Last week, my blog addressed a few of the more common questions raised by Nevada Property Managers. This week, I’ll address a couple of questions received from a California landlord, as they pertain to managing residential rental property throughout the USA.
I am a landlord renting out a single detached home in California. I have received 5 applications to rent in the last couple of weeks, and I have two questions about the rental process.
First, since I am charging a credit check/screening fee for each applicant, I’m sure that the ones I deny will ask for a reason why I denied them. If all the applicants’ credit and background reports are similar, and my reason for choosing my tenant is based on intuitive feelings (i.e., I believe this family will take the best care of my property), what reasons can I give for turning down the other applicants?
Secondly, if I have applicants willing to pay a higher rent for the property than what I’m asking, can I “auction off” the rental, asking each applicant to make his or her best offer?
The Tenant Selection Process
These are questions I often hear, in various forms, both in my classes and via email. My response:
These questions bring up several issues around fair housing law and practice. Although I am not an attorney, I’m happy to share my experiences as a property manager. It is my policy to always evaluate rental applications based on objective criteria. Factors such as credit, income, rental history, job stability, debt-to-income ratio, etc. are all measurable factors that can be objectively evaluated.
Having been a property manager for many years, I have learned NOT to trust my intuition when it comes to selecting tenants. Although I consider myself a pretty good judge of character, a rental decision based on “gut feeling” is pretty tough to justify, should it be necessary to do so.
Fair housing laws make it unwise to base tenant selection on intuitive factors. The days of blatant discrimination are pretty much behind us in this country. What we see now is what I’d term “friendly discrimination.” A smile, a handshake, and a referral to some other property can be perceived as a refusal to rent based on the applicant’s protected class under fair housing law.
As nice as you might be to me when I apply to rent your property, if I believe you’ve declined my application because, for example, I have “too many” children, I have standing to file a fair housing claim. Should I file a claim against you, you will need to be able to show the HUD investigator that you are both objective and consistent in your tenant selection process, and that your selection criteria does not discriminate based on any protected class(es). If your tenant selection process is subjective in nature, it may be difficult to defend such a claim.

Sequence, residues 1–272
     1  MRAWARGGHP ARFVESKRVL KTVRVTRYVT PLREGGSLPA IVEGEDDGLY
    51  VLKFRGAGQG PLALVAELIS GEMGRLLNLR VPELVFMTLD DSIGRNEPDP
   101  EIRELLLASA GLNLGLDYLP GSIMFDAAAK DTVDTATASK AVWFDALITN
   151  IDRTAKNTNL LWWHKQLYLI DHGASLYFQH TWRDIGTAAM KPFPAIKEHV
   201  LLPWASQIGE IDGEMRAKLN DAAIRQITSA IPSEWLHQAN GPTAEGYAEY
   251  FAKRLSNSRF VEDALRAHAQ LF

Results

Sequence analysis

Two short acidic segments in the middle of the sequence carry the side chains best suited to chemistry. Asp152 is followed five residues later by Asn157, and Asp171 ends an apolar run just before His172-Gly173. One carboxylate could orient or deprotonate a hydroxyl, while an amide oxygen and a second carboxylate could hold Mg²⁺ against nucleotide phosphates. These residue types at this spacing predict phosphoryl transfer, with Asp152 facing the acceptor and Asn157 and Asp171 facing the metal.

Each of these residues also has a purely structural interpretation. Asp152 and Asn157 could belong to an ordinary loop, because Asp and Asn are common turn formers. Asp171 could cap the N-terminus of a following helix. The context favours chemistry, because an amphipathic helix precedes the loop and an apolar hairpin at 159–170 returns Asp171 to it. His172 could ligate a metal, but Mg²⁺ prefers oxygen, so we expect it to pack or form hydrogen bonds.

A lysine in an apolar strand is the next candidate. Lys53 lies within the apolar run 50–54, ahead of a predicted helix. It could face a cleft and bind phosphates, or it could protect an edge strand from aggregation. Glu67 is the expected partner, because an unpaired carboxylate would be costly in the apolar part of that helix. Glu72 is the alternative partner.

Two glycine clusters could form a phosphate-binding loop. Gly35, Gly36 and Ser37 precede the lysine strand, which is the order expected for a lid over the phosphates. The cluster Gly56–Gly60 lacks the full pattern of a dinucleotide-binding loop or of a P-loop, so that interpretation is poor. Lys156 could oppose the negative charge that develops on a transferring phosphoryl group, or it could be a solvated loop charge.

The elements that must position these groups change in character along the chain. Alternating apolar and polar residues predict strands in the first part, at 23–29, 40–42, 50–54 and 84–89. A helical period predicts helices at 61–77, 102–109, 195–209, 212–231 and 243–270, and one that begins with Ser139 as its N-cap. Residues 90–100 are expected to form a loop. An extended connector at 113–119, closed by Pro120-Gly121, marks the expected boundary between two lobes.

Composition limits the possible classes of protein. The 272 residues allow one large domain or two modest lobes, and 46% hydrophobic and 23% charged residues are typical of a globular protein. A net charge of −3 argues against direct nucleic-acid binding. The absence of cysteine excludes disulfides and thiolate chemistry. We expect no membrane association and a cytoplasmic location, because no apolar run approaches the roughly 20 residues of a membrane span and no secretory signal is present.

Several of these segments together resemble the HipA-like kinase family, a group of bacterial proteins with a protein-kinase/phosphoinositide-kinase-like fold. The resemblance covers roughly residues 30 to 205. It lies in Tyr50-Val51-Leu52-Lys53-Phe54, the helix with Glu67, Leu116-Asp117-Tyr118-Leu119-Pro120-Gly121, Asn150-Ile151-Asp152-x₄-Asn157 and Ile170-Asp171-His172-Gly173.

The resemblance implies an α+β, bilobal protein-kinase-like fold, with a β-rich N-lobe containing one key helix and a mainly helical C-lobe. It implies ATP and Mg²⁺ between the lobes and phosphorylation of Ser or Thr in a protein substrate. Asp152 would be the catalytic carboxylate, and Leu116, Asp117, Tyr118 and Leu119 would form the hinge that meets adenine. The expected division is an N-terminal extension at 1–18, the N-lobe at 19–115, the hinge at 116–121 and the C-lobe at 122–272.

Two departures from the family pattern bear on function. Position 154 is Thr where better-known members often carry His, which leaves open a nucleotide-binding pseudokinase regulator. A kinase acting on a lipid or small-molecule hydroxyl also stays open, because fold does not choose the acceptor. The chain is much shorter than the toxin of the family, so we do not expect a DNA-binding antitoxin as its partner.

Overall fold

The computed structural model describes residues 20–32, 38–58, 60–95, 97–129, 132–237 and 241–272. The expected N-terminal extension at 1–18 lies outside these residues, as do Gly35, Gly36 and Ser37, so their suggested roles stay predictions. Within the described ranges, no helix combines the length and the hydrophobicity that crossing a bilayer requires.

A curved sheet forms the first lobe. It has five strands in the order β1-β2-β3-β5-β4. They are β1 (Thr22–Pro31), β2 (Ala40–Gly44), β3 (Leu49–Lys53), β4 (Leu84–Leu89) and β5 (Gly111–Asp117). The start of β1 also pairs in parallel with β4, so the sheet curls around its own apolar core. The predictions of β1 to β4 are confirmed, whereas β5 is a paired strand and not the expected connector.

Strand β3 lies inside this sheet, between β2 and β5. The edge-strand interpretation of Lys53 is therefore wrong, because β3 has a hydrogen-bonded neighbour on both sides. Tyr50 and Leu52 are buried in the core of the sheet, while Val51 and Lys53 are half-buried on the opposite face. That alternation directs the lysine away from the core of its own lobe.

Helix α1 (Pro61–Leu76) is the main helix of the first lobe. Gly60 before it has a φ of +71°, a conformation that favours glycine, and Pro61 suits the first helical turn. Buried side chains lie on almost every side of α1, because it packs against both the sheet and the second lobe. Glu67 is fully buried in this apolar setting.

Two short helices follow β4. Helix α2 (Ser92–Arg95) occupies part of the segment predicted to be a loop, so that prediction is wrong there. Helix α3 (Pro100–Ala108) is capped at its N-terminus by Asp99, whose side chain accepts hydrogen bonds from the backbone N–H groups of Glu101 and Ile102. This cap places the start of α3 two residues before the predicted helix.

As to “auctioning off” a rental property, I can’t speak to any state or local law prohibiting such a practice, but I think it’s a very unusual situation. Before placing any property on the rental market, it’s a good idea to conduct a rental survey of comparable properties to determine a marketable rent for your property. If the property is priced right and is in good condition, it should rent quickly to a qualified applicant. A well-priced property is unlikely to generate a bidding war.
One more thing…
After responding to this question yesterday, one additional piece of advice came to mind. It’s a practice I’ve employed for many years. When marketing a home for rent, I always process rental applications on a first-come, first-served basis. Using only objective (measurable) criteria, it is easy to determine whether a prospect qualifies to rent the property. They either meet my objective qualifying standards, or they don’t. If they do meet the standards, they’re accepted as a tenant. If not, they’re declined. It’s just that simple.
My screening method does a couple of things, in terms of protecting my clients and myself. First, it provides consistency. All applicants are screened in the same way, and in the order in which I receive their applications. Secondly, it goes a long way toward avoiding the appearance of illegal discrimination – rental applicants aren’t compared against one another; they’re evaluated independently.
Do you have a tenant screening system in place?
If you have a tenant selection method that works well for you, and you’d like to share it with the readers of this blog, please do so by leaving a comment! Thanks for reading.